“It’s not easy at all, but having this group’s support has made it a lot better,” she said.
Riley says home schooling would be an option for more families if schools provided supplies and curriculum that might not otherwise be affordable.
Stacey Young agrees that home schooling would have been much more difficult without the extra help she received through grants.
“It’s a huge help,” Young said, pointing to coaching, art supplies, and desks that she received through the home-school grants. She says she isn’t sure yet whether she will continue home-schooling her five children after the threat of the coronavirus fades.
Even if they eventually return to school, she says they are better off now than they were when they were learning online. The family didn’t have enough computers or work areas for everyone, and the children rebelled against virtual lessons.
“They were sulking,” she said. “They would disappear. My son would come upstairs and hide under his bed. My other son, the one who really enjoys school, is like ‘Mom, I’m not feeling it.’ That’s what he told me. He’s 7.”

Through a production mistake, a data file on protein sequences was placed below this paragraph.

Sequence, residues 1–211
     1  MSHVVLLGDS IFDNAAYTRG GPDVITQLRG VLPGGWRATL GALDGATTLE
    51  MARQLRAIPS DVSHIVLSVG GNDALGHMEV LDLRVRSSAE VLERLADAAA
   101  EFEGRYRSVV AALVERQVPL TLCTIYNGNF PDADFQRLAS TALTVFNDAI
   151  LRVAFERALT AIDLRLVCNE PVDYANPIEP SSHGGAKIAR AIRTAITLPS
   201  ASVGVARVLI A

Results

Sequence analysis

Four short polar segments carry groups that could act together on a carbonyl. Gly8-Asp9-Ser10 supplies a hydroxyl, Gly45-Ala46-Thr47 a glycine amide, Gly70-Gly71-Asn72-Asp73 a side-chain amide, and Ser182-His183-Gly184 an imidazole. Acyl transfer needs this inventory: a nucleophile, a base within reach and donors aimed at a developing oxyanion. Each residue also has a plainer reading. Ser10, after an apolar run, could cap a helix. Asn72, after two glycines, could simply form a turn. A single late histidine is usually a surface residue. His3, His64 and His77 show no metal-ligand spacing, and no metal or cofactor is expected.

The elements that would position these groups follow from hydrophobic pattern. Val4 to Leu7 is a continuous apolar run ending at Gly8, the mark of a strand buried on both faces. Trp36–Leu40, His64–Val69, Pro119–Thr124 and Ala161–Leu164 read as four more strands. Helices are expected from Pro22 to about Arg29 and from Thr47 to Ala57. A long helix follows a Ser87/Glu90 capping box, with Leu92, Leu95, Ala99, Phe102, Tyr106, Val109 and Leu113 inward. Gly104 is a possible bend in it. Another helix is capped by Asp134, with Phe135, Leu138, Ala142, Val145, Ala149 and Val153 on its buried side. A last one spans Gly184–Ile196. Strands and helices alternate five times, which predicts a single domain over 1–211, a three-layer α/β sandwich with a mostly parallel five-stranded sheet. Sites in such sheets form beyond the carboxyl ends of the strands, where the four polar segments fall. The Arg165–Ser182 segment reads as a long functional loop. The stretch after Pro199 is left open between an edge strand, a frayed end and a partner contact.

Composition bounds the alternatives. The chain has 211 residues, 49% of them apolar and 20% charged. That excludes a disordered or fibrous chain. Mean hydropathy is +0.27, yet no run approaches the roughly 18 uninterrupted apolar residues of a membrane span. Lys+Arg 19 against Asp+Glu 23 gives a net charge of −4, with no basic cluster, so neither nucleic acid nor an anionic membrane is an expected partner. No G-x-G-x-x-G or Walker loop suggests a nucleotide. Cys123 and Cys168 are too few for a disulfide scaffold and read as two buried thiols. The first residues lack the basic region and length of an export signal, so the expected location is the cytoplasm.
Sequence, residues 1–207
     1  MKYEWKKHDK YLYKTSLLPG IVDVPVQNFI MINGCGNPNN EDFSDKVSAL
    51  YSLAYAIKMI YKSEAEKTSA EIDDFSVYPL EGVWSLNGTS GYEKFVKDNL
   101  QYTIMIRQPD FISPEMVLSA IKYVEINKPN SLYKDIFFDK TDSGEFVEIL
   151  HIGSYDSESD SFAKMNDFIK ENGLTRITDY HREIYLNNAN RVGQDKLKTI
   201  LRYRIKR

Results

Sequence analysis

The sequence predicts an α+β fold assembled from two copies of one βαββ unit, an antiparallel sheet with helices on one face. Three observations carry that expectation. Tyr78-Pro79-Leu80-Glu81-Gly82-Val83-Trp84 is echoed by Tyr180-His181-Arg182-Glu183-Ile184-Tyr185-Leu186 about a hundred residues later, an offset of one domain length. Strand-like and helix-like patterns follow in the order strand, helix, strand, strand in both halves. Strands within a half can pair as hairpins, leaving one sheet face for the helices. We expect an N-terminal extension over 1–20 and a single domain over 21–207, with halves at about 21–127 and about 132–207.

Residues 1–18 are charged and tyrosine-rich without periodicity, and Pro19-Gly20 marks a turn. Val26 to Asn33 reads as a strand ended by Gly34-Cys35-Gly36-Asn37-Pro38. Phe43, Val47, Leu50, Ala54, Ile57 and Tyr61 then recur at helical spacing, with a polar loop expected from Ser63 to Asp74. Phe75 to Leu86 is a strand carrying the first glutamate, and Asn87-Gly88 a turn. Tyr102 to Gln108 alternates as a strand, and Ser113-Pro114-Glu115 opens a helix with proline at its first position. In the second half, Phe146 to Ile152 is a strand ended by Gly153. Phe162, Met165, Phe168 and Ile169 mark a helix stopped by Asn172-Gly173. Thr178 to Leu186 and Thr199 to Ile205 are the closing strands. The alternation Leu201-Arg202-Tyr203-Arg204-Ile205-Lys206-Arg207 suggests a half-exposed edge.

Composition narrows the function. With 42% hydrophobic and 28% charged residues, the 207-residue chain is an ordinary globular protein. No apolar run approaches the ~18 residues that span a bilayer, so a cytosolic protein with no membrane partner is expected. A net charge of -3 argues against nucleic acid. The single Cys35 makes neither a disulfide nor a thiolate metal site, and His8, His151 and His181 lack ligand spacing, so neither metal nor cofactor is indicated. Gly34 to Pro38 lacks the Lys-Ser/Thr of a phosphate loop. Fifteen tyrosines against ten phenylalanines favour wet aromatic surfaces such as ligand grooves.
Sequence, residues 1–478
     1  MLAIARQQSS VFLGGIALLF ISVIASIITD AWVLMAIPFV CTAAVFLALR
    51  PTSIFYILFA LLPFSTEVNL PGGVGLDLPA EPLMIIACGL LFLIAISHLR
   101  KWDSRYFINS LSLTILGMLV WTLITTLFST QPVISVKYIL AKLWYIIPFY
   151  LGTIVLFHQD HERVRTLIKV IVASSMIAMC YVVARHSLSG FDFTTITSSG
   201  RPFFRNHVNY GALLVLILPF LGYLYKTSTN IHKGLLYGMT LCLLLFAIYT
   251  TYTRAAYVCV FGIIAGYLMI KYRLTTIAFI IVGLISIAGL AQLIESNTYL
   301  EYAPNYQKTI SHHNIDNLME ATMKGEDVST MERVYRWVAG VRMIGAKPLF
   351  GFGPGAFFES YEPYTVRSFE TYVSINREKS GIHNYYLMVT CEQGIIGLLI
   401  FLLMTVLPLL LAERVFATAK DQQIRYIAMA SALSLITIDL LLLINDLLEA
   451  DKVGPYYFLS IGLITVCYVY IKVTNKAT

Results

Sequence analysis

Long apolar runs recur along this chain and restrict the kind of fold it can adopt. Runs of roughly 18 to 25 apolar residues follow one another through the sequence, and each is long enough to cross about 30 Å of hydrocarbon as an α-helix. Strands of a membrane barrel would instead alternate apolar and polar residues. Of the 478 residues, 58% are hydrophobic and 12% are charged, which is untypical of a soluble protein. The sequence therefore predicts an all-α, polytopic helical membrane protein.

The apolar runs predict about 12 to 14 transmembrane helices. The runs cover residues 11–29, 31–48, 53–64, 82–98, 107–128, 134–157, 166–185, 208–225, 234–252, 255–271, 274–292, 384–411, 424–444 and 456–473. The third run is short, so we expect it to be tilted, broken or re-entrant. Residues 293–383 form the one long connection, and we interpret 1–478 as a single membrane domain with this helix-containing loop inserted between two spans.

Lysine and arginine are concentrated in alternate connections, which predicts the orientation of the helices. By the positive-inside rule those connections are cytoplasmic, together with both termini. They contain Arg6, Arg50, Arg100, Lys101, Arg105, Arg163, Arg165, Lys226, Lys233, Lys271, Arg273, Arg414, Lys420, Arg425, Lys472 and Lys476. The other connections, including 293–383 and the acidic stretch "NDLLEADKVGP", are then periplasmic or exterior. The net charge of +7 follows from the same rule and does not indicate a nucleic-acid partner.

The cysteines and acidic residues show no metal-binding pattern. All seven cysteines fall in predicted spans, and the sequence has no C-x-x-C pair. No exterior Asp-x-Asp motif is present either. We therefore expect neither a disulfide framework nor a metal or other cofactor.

Now the children learn on their own schedules, making it easier to share space and computers. The family has taken lessons in music and cooking through online programs provided by their home school grant, and have spent time talking about Detroit’s past with a local historian. The eighth and tenth graders work on their math skills online, while Young works with the younger children.
Still, Young acknowledges that her children are missing out on some of the services they would normally receive through school. One of her sons typically receives speech therapy at school. He hasn’t been getting it at home, though Young is researching whether her insurance will cover the therapy.
She decided not to petition the school for special education services for her son, which she figured would turn into a prolonged bureaucratic battle.
“I feel like we need to just step out of [the district],” she said. “You know, while they figure stuff out.”